Fantasy beckons as an easy way to make choices since in its orbit reality is of little or no account. The consequences, however, can be exceedingly painful.
Consider George W. Bush, his counselors and his administration. Having all too easily slipped into a world of fantasy in two areas of great import, they are now discovering the consequences.
Fantasizing about Iraq was convenient. Beginning with a truth -- that Saddam Hussein was a dictator, and in no way benign -- the president and his advisers embroidered a story in which he played the role of our arch-enemy. Saddam, so the fantasy ran, had amassed a huge cache of weapons of mass destruction. Worse, he was building atomic weapons with the express purpose of wreaking nuclear havoc among the major powers, threatening the bedrock security of every American.
So, the fantasy continued, we would make war on Iraq, depose Saddam and bring him to the court of justice; in reward, Iraqis by the millions would welcome us and salute our mission to establish a democratic regime in their nation. The new, liberated Iraq would embrace America as its protector, brother, and stalwart friend.
Was this fantasy true? Obviously, as the recent weapons search indicates, the dream of an Iraq afloat with horrifying weapons was not. Did President Bush know it was untrue when he spun out this fantasy for the United States, and later at the United Nations for the entire world? In blunter words, was he lying? Strangely, it does not matter, for there seems little doubt that he came to believe the scenario he and his advisers were weaving. Fantasy is immensely seductive: Once woven, it shimmers like a brighter version of reality.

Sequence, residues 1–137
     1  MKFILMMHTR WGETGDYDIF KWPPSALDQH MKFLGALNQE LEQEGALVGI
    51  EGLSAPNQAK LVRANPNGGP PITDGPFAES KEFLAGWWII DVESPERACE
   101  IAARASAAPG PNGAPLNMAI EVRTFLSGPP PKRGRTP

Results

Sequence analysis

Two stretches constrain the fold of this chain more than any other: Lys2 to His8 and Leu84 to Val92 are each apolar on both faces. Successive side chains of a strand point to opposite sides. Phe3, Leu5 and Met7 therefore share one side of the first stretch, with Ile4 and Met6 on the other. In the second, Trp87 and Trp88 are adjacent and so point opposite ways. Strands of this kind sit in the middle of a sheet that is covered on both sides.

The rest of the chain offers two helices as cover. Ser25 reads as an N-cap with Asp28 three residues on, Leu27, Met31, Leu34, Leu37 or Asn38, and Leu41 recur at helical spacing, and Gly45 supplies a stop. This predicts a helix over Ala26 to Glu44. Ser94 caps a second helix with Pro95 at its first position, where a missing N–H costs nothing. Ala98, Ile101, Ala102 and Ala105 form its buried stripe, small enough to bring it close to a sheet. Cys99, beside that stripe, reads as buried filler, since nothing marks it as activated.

But it is bright only in fantasy. Actuality is always there outside us. There was a day or two of celebration when U.S. troops entered Baghdad and Saddam's statue was toppled. But the reality of Iraq has proved intractable. The fantasy of celebrated victors creating a new and blessed democratic republic is in shambles. Almost daily American soldiers die in Iraq, victims of an actual country that appears unwilling to celebrate our beneficence and good intentions.
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In order to sell the tax cuts he so desperately wanted, tax cuts he had pledged to wealthy special interests which funded his campaign, the president spun out another fantasy, that tax cuts weighted toward the very highest income brackets would rejuvenate a failing economy. Providing huge fiscal benefits to wealthy Americans, he insisted, would mean more jobs and a robust economy in the very near future.
Again, fantasy has been undone by reality: Neither the jobs nor a thriving economy have resulted from the tax cuts.
But there is worse. Having lived in unreality, however pleasurable that may have been in the short term, President Bush was and is totally unprepared for dealing with actual conditions. As the situation in Iraq deteriorated into anarchy, guerrilla war and spiraling expenses, the president had no idea of what to do. Changing the guard -- General Garner replaced by Paul Bremer, Donald Rumsfeld by Condoleezza Rice -- is the only action he has been capable of taking.
So too with the economy. There is a modest recovery, but it is jobless. State budgets and social services are devastated, while the national deficit is escalating at an alarming rate. But having slid into the fantasy that tax cuts create jobs and health, the president can find no actual tools to combat the economic malaise that has descended on America.
The moral of the president's story is this: Beware entering into a fantasy world, for you may have to live in it -- with unhappy consequences.